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Research touts lower-cost, longer-life battery

New materials engineering research led by Western could translate into significant real-world benefits like greater range for electric vehicles and longer battery life for cell phones.

Researchers from Western Engineering, Western’s department of chemistry and Soochow University-Western University Center for Synchrotron Radiation Research collaborated with the Canadian Light Source (CLS) at the University of Saskatchewan on a pair of studies to determine if they could harness the might of phosphorene while mitigating its two main deterrents—cost and durability—and they’ve done it.

The theoretical capacity of phosphorene—a two-dimensional material, which consists of a single layer of black phosphorus—is almost seven times that of anode materials currently used in lithium-ion batteries. Currently, commercially-available black phosphorus is costly, at roughly $1,000 per gram and it also breaks down quickly when it is exposed to air.

In the first paper, the research team applied a novel process to produce a low-cost black phosphorus from inexpensive (approximately $0.10/gram), low-purity red phosphorus—reducing the cost by almost 300 percent. The resulting black phosphorus had nearly the same purity and electronic properties as that made using traditional methods and high-purity red phosphorus, which is worth around $40/gram.

Drastically slashing the cost of manufacturing black phosphorus means their results are scalable, according to lead researcher Weihan Li from Western.

“The low price makes it possible to realize the future large-scale application of black phosphorus and phosphorene in energy- and electronic-related fields, such as nano-photonics, nanoelectronics, optoelectronics, secondary batteries, and electrocatalysts,” said Li, a postdoctoral fellow jointly supervised by chemistry professor T.K. Sham, Canada Research Chair in Materials and Synchrotron Radiation and engineering professor Xueliang (Andy) Sun, Canada Research Chair in Development of Nanomaterials for Clean Energy.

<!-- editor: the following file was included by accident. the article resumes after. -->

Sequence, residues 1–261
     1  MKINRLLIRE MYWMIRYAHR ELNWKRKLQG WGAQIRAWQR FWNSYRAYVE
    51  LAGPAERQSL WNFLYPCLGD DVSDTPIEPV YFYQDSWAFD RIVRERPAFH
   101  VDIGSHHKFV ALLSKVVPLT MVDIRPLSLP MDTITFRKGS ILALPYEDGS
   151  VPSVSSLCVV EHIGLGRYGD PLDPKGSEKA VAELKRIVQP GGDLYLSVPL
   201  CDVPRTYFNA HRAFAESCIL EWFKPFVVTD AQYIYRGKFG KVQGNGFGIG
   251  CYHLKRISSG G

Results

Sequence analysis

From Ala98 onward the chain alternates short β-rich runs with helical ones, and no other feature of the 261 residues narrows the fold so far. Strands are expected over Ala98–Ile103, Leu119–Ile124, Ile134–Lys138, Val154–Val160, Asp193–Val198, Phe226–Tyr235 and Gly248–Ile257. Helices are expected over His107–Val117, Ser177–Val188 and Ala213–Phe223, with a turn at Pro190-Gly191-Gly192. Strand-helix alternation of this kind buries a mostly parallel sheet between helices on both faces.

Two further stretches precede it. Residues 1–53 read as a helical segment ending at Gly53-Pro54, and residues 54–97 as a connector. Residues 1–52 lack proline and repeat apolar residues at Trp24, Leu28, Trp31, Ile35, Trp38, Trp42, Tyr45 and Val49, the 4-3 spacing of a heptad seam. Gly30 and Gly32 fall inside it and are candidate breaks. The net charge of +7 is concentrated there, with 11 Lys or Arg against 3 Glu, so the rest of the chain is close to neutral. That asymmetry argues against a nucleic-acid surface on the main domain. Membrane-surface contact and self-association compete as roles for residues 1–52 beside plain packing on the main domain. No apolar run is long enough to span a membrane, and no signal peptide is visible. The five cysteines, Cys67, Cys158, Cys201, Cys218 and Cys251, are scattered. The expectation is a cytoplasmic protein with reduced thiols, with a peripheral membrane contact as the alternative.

With the second study, the researchers wanted to better understand, at nanoscale and in real time, where degradation (oxidization) starts on phosphorene, and how it spreads. While previous research has documented that degradation does indeed occur, this study was the first to clearly image the process in detail. The team used a number of different synchrotron techniques at the CLS to collect these images. The researchers found that phosphorene begins to break down at the thinnest regions first, and that the degraded regions accelerate the breakdown of adjacent regions.

According to Li, their discovery paves the way for developing strategies to protect phosphorene when it is used in electronics and other devices.

“It makes it possible to prepare air-stable phosphorene-based electronic devices and energy-related devices,” said Li.

Sun credits the CLS for playing a critical role in both studies.

“Compared with other resources in the world, the user support from the CLS is fantastic,” said Sun. “Without the help of the CLS, we could not have combined several different synchrotron techniques in the two works. Moreover, conducting the in-situ studies would not have been possible without the help of the beamline scientists.”

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